NOTE: Participants can use any resources (e.g., pre-trained word embeddings, gazetteers, etc.) that they consider appropriate for the task. In terms of the competition, there is no difference between with or without resources. However, we highly encourage participants to keep track of the perfomance when adding resources to include such insights in their papers.


We are going to evaluate your output predictions with the harmonic mean F-1 metric. This is the standard way to evaluate a NER task. Additionally, we include the Surface Forms F-1 metric introduced in the Workshop on Noisy User-generated Text, W-NUT 2017 (Derczynski et al., 2017). You can download the evaluation package here (instructions included).


Results of the ENG-SPA competition are on the left and MSA-EGY on the right:

Team F1 Score
IIT BHU 63.7628
CAiRE++ 62.7608
FAIR 62.6671
Linguists 62.1307
Flytxt 59.2501
semantic 56.7205
BATs 54.1612
Fraunhofer FKIE 53.6514
Baseline 53.2802
Team F1 Score
FAIR 71.6154
GHHT 70.0938
Linguists 67.4419
CAiRE++ 66.0410
BATs 65.6207
semantic 65.0276
Baseline 62.7084


Please cite the shared task paper with the following BibTex:

    title={{Overview of the CALCS 2018 Shared Task: Named Entity Recognition on Code-switched Data}},
    author={Aguilar, Gustavo and AlGhamdi, Fahad and Soto, Victor and Diab, Mona and Hirschberg, Julia and Solorio, Thamar},
    publisher = {Association for Computational Linguistics},
    address={Melbourne, Australia},
    booktitle = {Proceedings of the Third Workshop on Computational Approaches to Linguistic Code-Switching}

Paper Submissions

Authors are invited to submit papers describing original, unpublished work in the topic areas listed above. Full papers should not exceed eight pages. Additionally, authors are invited to submit short papers not exceeding 4 pages. Short papers usually describe:

  • a small, focused contribution;
  • work in progress;
  • a negative result;
  • an opinion piece; or
  • an interesting application nugget.

All papers can have up to 2 pages of references. All submissions must be in PDF format and must conform to the official ACL 2018 style guidelines:

The reviewing process will be blind and papers should not include the authors' names and affiliations. Each submission will be reviewed by at least three members of the program committee. Accepted papers will be published in the workshop proceedings and available at the ACL Anthology.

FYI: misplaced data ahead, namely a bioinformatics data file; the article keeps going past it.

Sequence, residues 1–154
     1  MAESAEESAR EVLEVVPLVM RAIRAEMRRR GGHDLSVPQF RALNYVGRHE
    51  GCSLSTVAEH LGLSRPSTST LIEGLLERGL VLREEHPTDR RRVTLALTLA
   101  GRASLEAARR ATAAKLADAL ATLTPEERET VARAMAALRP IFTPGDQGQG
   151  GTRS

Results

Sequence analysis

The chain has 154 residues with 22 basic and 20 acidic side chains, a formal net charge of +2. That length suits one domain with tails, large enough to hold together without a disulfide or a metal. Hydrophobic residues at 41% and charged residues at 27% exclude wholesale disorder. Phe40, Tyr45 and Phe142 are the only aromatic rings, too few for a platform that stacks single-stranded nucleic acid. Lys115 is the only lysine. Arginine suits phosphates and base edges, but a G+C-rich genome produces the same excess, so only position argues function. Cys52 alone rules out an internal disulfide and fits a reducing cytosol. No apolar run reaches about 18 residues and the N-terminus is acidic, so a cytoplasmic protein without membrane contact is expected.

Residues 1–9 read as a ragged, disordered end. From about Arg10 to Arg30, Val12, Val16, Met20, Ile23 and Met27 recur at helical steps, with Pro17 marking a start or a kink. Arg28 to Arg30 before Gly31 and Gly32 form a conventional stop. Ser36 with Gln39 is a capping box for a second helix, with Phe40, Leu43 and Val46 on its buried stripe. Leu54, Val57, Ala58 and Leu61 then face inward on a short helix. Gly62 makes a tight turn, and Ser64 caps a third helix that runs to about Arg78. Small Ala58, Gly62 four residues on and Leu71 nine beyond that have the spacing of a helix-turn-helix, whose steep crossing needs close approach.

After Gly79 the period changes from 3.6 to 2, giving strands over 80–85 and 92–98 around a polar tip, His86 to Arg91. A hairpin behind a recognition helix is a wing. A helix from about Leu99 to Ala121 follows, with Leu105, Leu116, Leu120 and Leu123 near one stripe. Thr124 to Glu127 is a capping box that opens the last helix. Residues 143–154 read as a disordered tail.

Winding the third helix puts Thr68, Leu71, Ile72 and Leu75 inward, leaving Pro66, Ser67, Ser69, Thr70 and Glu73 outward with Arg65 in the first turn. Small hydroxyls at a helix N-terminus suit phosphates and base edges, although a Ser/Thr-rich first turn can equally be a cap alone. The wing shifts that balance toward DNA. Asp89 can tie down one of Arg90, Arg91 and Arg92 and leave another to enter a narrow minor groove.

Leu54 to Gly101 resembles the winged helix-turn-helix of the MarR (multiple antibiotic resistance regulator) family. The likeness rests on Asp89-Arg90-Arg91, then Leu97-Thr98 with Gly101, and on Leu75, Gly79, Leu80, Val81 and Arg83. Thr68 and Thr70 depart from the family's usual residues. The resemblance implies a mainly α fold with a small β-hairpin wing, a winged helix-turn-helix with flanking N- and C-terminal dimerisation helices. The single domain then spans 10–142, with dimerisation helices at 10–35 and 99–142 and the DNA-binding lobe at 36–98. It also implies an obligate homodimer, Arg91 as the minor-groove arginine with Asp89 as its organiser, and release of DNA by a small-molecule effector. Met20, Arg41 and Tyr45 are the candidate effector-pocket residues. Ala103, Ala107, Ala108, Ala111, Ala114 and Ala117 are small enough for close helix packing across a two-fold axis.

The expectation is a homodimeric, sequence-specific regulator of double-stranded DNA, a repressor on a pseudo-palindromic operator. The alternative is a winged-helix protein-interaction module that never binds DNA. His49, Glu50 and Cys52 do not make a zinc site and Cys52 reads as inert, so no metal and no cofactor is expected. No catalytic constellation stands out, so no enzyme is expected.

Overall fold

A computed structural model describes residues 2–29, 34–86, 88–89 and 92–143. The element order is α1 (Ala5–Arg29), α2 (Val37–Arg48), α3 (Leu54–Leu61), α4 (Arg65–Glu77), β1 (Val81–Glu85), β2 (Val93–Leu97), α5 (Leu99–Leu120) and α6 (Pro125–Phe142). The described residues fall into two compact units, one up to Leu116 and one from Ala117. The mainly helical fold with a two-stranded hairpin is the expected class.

Multiple Submission Policy. Papers that have been or will be submitted to other meetings or publications are acceptable, but authors must indicate this information at submission time. If accepted, authors must notify the organizers as to whether the paper will be presented at the workshop or elsewhere.

Papers should be submitted electronically at

Program Committee

Elabbas Benmamoun    Duke University
Agnes Bolonyia    NC State University
Monojit Choudhury    Microsoft Research India
Barbara Bullock    University of Texas at Austin
Suzanne Dikker    New York University
Raymond Mooney    University of Texas at Austin
Chilin Shih    University of Illinois at Urbana-Champaign
Jacqueline Toribio    University of Texas at Austin
Constantine Lignos    University of Southern California Information Sciences Institute
Cecilia Montes-Alcala    Georgia Institute of Technology
Mitchell P. Marcus    University of Pennsylvania
Yves Scherrer    University of Helsinki
Björn Gambäck    Norwegian Universities of Science and Technology
Borja Navarro Colorado    Universidad de Alicante
Younes Samih    Heinrich Heine - Universität Düsseldorf
David Vilares    Universidad de Coruña
Ozlem Cetinoglu    Universität Stuttgart
Emre Yilmaz    CLS/CLST, Radboud University Nijmegen
Kalika Bali    Microsoft Research India
David Suendermann    Educational Testing Service
Alan W Black    Carnegie Mellon University


Gustavo Aguilar (contact person)
Ph.D. Student
Department of Computer Science
University of Houston
Fahad AlGhamdi (contact person)
Ph.D. Student
Department of Computer Science
George Washington University
Victor Soto (contact person)
Ph.D. Student
Department of Computer Science
Columbia University
Thamar Solorio
Department of Computer Science
University of Houston
Mona Diab
Department of Computer Science
George Washington University
Julia Hirschberg
Department of Computer Science
Columbia University